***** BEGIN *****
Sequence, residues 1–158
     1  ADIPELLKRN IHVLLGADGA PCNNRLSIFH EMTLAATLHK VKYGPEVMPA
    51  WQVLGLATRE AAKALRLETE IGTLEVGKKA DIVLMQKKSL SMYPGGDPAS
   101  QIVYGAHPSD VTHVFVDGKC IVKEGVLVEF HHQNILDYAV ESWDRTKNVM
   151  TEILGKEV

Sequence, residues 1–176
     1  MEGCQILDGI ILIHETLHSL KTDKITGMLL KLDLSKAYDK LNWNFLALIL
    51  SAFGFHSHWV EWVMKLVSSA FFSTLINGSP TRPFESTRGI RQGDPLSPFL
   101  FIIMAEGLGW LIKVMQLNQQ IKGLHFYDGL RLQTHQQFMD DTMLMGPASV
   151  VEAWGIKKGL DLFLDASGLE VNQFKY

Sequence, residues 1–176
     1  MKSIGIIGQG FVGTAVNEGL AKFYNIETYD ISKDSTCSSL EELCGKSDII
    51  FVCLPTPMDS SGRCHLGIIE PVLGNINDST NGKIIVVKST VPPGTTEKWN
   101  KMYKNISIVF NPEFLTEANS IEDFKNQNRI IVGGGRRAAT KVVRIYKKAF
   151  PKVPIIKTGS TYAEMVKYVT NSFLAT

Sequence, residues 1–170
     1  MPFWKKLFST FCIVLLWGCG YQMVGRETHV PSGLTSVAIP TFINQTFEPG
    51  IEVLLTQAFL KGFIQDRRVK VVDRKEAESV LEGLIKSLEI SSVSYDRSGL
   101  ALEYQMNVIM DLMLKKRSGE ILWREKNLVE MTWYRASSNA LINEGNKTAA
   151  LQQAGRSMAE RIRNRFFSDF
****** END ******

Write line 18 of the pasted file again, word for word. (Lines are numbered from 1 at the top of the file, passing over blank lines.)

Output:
    51  IEVLLTQAFL KGFIQDRRVK VVDRKEAESV LEGLIKSLEI SSVSYDRSGL